There is “no credible path” for NI to reach have net zero carbon emissions by 2050, and asking people to do things that they can’t do is “morally wrong” was the blunt message delivered to MLAs on the Stormont agriculture committee last Thursday.
Back giving evidence for the second time this year was Lord Deben, the chair of the UK Climate Change Committee (CCC), the expert body advising government on emission reduction targets.
While he did not want to get drawn into arguments around the private member’s bill taken forward by Green party MLA Clare Bailey, which would require NI to reach net zero by 2045, the CCC chair was clear that it would have major implications for the local livestock sector.
Analysis by the CCC has suggested that even to meet this 82% target, nearly half of NI farmland will need to be taken out of production
Instead the CCC has advised that NI should cut emissions by 82% by 2050, as our contribution to an overall UK net zero target by that date.
“Eighty-two per cent is extremely hard, particularly for the farming community – it is very important they buy into this,” said Lord Deben.
Analysis by the CCC has suggested that even to meet this 82% target, nearly half of NI farmland will need to be taken out of production. However, a target for NI to be net zero by 2050 will require livestock numbers to be cut by over half, so it follows that a net zero target by 2045 means even more significant reductions to livestock numbers.
Yet those supporting the private member’s bill (all the main political parties outside of the DUP) are not yet backing down.
It was put to Lord Deben by Sinn Féin chair of the Agriculture committee, Declan McAleer that NI would end up as a food producing region of Britain, with a worse environment – “effectively a carbon dump”.
Would the CCC see any potential risks to private investment in NI if we don’t achieve net zero?
Rejecting that, the CCC chair reminded McAleer that net zero for NI “is not possible”.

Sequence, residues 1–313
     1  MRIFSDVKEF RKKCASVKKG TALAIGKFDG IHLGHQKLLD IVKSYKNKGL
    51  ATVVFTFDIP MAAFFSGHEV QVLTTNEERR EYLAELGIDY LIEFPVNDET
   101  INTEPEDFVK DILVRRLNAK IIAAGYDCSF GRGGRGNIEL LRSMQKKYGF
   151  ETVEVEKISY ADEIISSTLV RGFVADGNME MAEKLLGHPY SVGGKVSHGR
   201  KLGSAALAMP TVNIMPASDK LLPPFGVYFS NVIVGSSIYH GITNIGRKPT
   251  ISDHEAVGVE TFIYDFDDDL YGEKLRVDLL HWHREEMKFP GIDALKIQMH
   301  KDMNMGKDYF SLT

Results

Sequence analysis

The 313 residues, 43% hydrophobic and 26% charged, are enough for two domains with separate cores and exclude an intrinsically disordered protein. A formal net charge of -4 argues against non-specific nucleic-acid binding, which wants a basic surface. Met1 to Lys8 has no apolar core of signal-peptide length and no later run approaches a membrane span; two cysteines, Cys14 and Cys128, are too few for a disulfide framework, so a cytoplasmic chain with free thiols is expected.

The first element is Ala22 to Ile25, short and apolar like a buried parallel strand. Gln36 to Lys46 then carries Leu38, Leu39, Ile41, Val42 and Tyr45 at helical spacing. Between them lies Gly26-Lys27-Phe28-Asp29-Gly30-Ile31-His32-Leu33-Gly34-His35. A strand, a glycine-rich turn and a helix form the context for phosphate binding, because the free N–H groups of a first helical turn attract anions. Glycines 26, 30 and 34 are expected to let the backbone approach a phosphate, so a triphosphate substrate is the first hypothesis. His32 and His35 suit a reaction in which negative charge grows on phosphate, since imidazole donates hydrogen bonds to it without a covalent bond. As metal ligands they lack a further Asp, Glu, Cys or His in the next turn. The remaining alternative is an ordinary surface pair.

However, the coalition supporting the private member’s bill were not finished.
“Would the CCC see any potential risks to private investment in NI if we don’t achieve net zero?” asked Clare Bailey.
“There is no worry about that as long as NI is keeping in line with 82%, and the UK commitment. That is exactly what you need to do,” responded Lord Deben.
He added that the UK government has already adopted the toughest emission reduction measures of any country in the world.
“There are a lot of people around the world who are promising things for which they have no plan, and probably no intention of achieving. You are proposing something which you intend to achieve,” he said.
Before he finished, the CCC chair reminded MLAs of the danger that we just end up exporting our food production to other countries where it is actually produced with a higher carbon footprint than in the UK.
He also pointed out that ruminants are a key part of a mixed farming model, and necessary if we are to build fertility in our soils.
“Veganism is not the answer and vegans should not use climate change as an excuse to push their entirely different programme,” he added.
Of the greenhouse gas emissions currently attributed to local agriculture, around two thirds are down to methane produced from ruminant animals, so the obvious outworking of a target to be net zero is that livestock numbers are cut.
While there could be scientific solutions in the future, such as vaccines or feed additives, many are still a way off from practical reality.
“There is no magic answer to reducing those [methane] emissions in the short term, which is why the CCC gave us the advice they did,” DAERA senior official Colin Breen told the Stormont Agriculture committee last Thursday.
Breen, who is the lead official taking forward a separate DAERA climate change bill which will require NI to reduce emissions by at least 82% by 2050, has become a regular attender at the committee in recent weeks. His advice has been pointed and concise.
“We still advise strongly that at least 82% is the right target to go for, and the one that is most likely to be a balanced pathway and a just transition,” he said.
NI is much further ahead on emissions reductions than the Republic of Ireland
He repeated his evidence from the previous week that to achieve net zero, NI would probably have to spend £900m per year either buying in carbon credits, or building large scale infrastructure to remove greenhouse gases from the air.
However, it was put to Breen by committee chair Declan McAleer that the issue should be dealt with on an all-island basis, and there could be implications if part of the island has reached carbon neutrality when the other part hasn’t.
“NI is much further ahead on emissions reductions than the Republic of Ireland (ROI),” responded Breen.
“If it comes to the stage where ROI are making reductions they need to get to net zero by 2050, I think we will have no problem doing the same,” he added.